Many of us probably remember the punnett squares by which we were introduced to the idea of genetic inheritance in school: a dominant allele in each of my brown-eyed parents hides a recessive allele that explains my blue eyes. Most genetic inheritance, of course, is much more complex. Differences in how we look are usually produced not by a single gene, but rather by interactions between several genes, across a gene regulatory network. Conversely, a single gene can affect not just one but many aspects of an organism’s development – and these are often unrelated. This second phenomenon, which scientists call “pleiotropy” from the Greek word for “many ways”, is central to one of the more interesting puzzles of evolutionary biology. A paper published in Genes and Development sheds some light on this puzzle.
Miltos Tsiantis, a director at the Max Planck Institute for Plant Breeding Research, explains pleiotropy like this: “Suppose that a bird developed an evolutionary modification to the shape of its wing, and this change made flying easier, or faster. But if the gene that modifies the wing shape also changed the shape of the foot, making it harder to grip branches, or changed something else that made it less attractive to potential mating partners, then that modification to the wing shape is unlikely to be successful, and persist in populations”. The reason that this is an important issue is that many genes do not only influence the development of a single trait – in this case wing shape – but also others that are sometimes completely unrelated. Pleiotropy is thus a potential obstacle to evolutionary change, “so evolution needs to find ways to work around it”, says Tsiantis.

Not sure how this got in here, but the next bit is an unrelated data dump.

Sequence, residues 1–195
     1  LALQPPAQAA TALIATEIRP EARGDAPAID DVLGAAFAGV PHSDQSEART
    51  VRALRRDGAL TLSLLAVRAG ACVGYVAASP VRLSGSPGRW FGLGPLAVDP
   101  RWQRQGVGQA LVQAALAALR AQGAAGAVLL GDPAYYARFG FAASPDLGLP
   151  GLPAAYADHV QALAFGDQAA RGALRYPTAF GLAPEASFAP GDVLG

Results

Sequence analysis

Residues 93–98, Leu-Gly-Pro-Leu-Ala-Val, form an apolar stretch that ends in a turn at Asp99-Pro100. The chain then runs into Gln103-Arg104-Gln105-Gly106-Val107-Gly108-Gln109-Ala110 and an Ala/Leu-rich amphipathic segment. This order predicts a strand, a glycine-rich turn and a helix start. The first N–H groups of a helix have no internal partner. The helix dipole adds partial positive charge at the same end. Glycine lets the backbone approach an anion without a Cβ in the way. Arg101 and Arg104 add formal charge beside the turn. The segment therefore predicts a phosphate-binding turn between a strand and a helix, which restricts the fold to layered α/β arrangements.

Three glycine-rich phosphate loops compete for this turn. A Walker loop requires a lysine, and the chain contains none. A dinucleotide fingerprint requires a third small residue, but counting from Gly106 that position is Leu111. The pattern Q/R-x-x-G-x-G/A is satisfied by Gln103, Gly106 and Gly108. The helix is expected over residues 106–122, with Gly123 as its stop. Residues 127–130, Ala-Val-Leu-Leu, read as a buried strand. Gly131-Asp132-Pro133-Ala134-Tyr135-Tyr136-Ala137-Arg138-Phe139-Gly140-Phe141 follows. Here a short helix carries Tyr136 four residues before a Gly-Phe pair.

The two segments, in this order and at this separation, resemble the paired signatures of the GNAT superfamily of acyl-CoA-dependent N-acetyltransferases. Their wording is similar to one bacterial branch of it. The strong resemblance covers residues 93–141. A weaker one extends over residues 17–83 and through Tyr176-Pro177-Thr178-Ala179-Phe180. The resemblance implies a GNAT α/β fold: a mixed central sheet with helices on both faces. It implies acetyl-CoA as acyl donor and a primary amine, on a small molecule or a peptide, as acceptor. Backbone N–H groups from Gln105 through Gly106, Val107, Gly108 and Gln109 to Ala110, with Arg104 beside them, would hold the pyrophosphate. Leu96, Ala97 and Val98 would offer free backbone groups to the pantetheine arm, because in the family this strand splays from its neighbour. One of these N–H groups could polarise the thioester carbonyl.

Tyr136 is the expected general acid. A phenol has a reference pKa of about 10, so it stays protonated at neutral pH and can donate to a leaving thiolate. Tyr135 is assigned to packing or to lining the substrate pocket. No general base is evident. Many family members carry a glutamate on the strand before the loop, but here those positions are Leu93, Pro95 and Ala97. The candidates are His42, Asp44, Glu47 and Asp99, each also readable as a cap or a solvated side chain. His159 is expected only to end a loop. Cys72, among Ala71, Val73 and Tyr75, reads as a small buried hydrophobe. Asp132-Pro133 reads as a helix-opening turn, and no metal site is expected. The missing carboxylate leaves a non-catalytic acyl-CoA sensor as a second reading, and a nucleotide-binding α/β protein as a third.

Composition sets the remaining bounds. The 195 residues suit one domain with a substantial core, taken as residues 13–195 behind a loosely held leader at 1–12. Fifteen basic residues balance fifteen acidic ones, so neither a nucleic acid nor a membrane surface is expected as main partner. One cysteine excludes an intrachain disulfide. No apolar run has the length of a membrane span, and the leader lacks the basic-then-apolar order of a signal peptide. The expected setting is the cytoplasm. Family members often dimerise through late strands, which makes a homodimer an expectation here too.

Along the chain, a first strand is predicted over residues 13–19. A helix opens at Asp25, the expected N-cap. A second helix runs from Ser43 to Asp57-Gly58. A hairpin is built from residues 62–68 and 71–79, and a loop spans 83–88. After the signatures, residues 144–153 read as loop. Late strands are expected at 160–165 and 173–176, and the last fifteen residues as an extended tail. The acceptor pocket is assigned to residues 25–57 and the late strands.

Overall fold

In their current study, Tsiantis and lead author Rast-Somssich examined observable differences between two related plant species, aiming to make sense, at the genetic level, of what is causing those differences: is there a logic to the evolutionary change, and can this logic predict the genetic basis of change? Their experiment focused on differences in leaf shape between thale cress, which has simple, undivided leaves, and hairy bittercress, which has dissected leaves divided into leaflets However, unlike our blue eyes/brown eyes example from school genetics, there is a more complex gene network that determines whether a leaf will have a simple or dissected shape. And the challenge of unravelling this network was part of the fun for Rast-Somssich “For me, it is most exciting to see that cis-regulatory changes of an individual gene can create novel genetic interactions in one species that could not be predicted by what was known in the other.”
One key difference between the leaf network operating in thale cress and hairy bittercress is the action of two genes that control bittercress leaf shape. Of the two genes, one plays a more dominant role and is more pleiotropic than the other. The authors demonstrate that it is this other, less pleiotropic gene, which evolved a greater capacity to contribute to evolutionary change in leaf shape between species. This result supports previous research showing that changes in regulatory sequences of genes can circumvent pleiotropy by allowing redeployment of potent regulators in space and time. “This targeted redeployment allows changes without messing everything up”, says Tsiantis. So the discovery of this tendency indicated some predictability in how things change.
However, the results of this new study also show something that adds a layer of complexity to our understanding of these mechanisms for how evolution works. Very potent developmental regulators may be less able to change and acquire new characteristics, than the less potent alternatives. “At least in this case”, says Tsiantis, “the protein that is less potent seems to have more leeway to evolve more diverse variants.” So this is a second way of circumventing pleiotropy. The less potent regulators may be more likely to produce new linkages in a gene network, connecting the activities of smaller sub-networks that previously did not talk to each other, contributing to a different function in tissue growth.
Effectively, this suggests that diversity is generated not simply by the redeployment of conserved gene functions but also, perhaps at least as much, by the new relationships these genes create within an existing network.